To date, the cause of rheumatic diseases is not fully understood, but it is believed that a combination of genetic and environmental factors is involved in their pathogenesis. Despite the constant evolution of the knowledge about its epidemiology, genetic susceptibility and pathophysiological mechanisms, rheumatic diseases remain disorders with a very variable course and significant inter-individual variability. They have an unpredictable prognosis, depending mainly on the severity of disease activity, organ damage, and response to the treatment. Recently, disturbed microbial composition and function, defined as “dysbiosis”, has been proposed as one of the potential mechanisms that may be important for the autoimmune rheumatic disease phenotype [2, 3]. However, the links between rheumatic diseases and the microbiome remain largely unknown.

Unicellular organisms were pioneers in the evolution of the Earth’s ecosystem. The co-evolution of bacteria and other symbiotic microbes such as archaea, viruses, fungi, and protozoa with their multicellular hosts has gradually built a unique micro-ecosystem, termed the “microbiota”, whereas microbes with their genomic elements are defined as the microbiome [4].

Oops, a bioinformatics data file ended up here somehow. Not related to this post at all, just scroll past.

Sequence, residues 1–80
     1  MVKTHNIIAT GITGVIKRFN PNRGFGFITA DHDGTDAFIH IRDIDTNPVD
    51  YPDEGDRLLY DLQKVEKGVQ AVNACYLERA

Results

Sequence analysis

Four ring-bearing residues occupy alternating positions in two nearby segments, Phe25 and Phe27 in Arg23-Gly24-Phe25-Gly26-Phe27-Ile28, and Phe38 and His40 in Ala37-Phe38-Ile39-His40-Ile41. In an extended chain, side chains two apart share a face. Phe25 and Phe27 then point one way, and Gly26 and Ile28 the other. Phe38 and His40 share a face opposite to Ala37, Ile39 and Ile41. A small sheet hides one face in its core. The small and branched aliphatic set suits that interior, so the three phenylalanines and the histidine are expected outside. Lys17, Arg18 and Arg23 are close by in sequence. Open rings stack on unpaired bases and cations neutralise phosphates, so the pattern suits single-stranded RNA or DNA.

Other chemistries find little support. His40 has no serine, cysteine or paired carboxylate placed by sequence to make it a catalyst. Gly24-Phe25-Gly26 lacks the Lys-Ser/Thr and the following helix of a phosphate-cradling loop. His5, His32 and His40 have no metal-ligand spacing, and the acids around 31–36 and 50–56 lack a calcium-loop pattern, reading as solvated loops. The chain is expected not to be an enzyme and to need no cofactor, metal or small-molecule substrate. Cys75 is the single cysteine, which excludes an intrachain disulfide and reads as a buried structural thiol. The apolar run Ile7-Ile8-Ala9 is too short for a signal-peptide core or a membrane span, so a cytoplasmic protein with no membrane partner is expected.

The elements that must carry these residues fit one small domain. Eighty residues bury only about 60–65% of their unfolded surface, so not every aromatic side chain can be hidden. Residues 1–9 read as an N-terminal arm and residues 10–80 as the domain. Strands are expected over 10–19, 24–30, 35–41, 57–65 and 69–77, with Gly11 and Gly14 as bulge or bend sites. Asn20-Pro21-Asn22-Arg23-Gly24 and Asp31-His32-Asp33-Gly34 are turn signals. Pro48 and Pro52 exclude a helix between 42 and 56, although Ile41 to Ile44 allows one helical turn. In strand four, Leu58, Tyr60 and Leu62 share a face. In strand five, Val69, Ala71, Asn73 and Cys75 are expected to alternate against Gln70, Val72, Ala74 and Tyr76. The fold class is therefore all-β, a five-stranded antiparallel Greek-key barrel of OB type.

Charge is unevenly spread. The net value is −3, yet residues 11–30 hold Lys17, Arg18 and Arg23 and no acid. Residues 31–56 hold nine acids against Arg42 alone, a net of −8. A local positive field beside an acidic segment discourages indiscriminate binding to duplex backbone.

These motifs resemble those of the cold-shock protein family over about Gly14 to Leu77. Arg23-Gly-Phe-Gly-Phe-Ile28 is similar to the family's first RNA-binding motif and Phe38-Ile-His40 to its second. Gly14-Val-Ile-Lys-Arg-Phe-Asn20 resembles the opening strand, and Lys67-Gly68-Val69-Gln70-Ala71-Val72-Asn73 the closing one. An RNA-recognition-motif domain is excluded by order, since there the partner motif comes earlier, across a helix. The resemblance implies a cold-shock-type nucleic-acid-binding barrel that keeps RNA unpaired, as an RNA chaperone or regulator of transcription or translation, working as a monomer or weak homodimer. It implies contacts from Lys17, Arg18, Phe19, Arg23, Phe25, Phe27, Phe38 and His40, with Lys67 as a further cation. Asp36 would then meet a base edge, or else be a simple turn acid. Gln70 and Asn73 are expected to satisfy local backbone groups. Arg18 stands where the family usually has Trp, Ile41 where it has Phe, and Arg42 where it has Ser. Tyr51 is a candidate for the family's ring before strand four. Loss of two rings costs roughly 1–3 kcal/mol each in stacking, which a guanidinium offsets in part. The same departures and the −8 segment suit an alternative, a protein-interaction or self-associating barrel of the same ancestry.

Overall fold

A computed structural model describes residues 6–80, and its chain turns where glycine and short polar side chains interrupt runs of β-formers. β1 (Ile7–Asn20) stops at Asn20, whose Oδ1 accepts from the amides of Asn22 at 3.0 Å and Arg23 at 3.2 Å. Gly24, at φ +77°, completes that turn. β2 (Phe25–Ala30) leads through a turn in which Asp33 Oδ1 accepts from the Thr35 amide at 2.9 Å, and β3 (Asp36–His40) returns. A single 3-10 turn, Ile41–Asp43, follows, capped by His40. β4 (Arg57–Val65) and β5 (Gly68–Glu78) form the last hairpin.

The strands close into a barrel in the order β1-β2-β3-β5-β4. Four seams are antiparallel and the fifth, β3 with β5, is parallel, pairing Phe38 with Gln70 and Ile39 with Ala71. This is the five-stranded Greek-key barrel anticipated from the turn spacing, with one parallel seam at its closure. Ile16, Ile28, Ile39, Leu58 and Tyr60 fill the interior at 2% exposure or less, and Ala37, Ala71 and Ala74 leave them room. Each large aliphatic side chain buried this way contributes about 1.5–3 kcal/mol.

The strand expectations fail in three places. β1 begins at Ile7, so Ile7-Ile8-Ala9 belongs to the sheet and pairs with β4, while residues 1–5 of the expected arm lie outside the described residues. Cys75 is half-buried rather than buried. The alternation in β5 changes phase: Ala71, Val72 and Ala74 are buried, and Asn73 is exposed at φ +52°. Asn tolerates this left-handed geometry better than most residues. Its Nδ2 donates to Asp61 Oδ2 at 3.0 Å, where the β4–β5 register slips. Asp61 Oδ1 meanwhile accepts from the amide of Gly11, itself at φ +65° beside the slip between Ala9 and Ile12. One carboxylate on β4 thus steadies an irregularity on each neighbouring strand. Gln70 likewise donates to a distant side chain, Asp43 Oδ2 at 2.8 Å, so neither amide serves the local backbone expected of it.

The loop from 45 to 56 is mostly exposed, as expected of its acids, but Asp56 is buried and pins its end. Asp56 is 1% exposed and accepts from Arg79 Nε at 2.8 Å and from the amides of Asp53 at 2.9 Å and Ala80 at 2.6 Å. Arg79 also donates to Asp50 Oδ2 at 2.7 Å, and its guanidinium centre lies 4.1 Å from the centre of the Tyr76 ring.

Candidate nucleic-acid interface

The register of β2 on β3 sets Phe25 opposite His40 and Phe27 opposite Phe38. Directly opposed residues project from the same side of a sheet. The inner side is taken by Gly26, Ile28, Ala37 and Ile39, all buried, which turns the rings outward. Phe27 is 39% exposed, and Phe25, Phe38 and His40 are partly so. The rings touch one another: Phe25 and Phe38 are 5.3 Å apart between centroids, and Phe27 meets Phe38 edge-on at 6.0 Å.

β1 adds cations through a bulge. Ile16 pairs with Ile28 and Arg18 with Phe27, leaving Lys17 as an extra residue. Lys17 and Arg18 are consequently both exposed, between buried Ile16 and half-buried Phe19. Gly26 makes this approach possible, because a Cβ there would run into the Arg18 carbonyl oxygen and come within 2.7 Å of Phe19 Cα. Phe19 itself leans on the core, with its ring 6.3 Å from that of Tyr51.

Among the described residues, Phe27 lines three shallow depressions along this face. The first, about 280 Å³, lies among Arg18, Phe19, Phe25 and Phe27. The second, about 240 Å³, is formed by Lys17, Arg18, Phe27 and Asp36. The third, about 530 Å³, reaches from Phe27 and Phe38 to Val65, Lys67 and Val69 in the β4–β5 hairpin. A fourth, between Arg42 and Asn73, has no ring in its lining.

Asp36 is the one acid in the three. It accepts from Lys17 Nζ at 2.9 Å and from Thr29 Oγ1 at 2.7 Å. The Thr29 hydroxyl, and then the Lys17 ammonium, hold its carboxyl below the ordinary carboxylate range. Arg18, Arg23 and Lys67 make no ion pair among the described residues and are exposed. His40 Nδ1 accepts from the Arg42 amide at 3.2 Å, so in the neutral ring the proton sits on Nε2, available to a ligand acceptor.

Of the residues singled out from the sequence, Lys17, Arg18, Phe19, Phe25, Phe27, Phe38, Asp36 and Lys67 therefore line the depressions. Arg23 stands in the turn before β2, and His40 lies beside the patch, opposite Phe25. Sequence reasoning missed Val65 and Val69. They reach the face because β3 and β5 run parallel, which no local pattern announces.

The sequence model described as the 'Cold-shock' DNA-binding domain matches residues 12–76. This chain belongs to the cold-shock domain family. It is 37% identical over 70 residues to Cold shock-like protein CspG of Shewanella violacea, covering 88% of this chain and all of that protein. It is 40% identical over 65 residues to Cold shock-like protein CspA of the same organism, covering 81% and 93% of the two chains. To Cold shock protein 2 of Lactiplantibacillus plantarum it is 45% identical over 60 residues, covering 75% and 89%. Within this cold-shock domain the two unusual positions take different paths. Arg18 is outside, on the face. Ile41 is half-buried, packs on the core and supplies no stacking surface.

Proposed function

Microorganisms can implant on open surfaces such as the skin, digestive tract, respiratory system and urogenital tract and develop into local microflora with distinctive features. Overall, the microflora shares a survival niche with its hosts, exhibiting traits such as adaptation to the environment and interdependence with the hosts, and plays a unique and key role in human physiological and pathological processes. The gut microbiota is the main source of microbes that can exert beneficial or pathogenic effects on the host’s health [5].